1. Cell Biology
  2. Chromosomes and Gene Expression
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Chromosome Segregation: Freewheeling sisters cause problems

  1. Takashi Akera
  2. Michael A Lampson  Is a corresponding author
  1. University of Pennsylvania, United States
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Cite this article as: eLife 2016;5:e13788 doi: 10.7554/eLife.13788
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Normal and abnormal meiosis I in human oocytes.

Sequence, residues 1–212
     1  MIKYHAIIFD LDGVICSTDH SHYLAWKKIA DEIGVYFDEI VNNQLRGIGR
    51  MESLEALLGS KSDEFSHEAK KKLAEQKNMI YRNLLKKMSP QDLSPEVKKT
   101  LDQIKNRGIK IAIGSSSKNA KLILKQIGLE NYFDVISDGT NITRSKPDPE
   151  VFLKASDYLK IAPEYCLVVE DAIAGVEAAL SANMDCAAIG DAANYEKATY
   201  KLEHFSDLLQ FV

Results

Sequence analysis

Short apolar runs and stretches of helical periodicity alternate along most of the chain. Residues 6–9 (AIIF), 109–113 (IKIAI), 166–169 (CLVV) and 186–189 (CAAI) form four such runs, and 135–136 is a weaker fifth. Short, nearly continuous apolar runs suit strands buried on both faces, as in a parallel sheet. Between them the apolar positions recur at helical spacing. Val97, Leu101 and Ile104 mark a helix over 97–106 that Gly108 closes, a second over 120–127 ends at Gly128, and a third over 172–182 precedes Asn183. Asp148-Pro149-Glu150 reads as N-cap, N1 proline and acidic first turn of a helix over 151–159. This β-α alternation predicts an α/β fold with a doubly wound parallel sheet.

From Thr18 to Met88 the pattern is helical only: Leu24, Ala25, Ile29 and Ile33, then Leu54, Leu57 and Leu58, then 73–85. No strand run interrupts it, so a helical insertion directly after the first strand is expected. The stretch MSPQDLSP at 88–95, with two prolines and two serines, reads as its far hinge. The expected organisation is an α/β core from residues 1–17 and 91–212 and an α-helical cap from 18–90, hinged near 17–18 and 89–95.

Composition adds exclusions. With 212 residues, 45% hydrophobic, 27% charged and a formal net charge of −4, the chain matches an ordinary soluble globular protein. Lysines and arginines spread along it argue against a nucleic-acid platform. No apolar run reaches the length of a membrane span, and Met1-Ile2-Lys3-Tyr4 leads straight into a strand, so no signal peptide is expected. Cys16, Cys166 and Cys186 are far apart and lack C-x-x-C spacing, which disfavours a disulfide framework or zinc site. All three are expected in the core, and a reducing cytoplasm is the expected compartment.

Before meiosis, the 46 chromosomes are duplicated such that each consists of two sister chromatids. During meiosis I, the homologous chromosomes then partner up into 23 pairs. A single pair of homologous chromosomes is shown (top), and the two chromosomes are connected via crossovers called “chiasmata”. The kinetochores (shown as black semi-circles) on sister chromatids are fused together and become attached to microtubules (shown in green) emanating from the same pole of the spindle (not shown). This geometry helps the kinetochores of pairs of homologous chromosomes to be captured by microtubules from opposite spindle poles, and pulled to opposite sides of the cell. Zielinska et al. occasionally observed abnormal configurations of chromosomes in human oocytes. Often the sister kinetochores were split and ended up attached to spindle microtubules from different spindle poles (bottom left). This allowed the pair of homologous chromosomes (or "bivalent”) to rotate. Also, the connections between homologous chromosomes were commonly compromised, which sometimes led to premature separation of the bivalent (bottom right).

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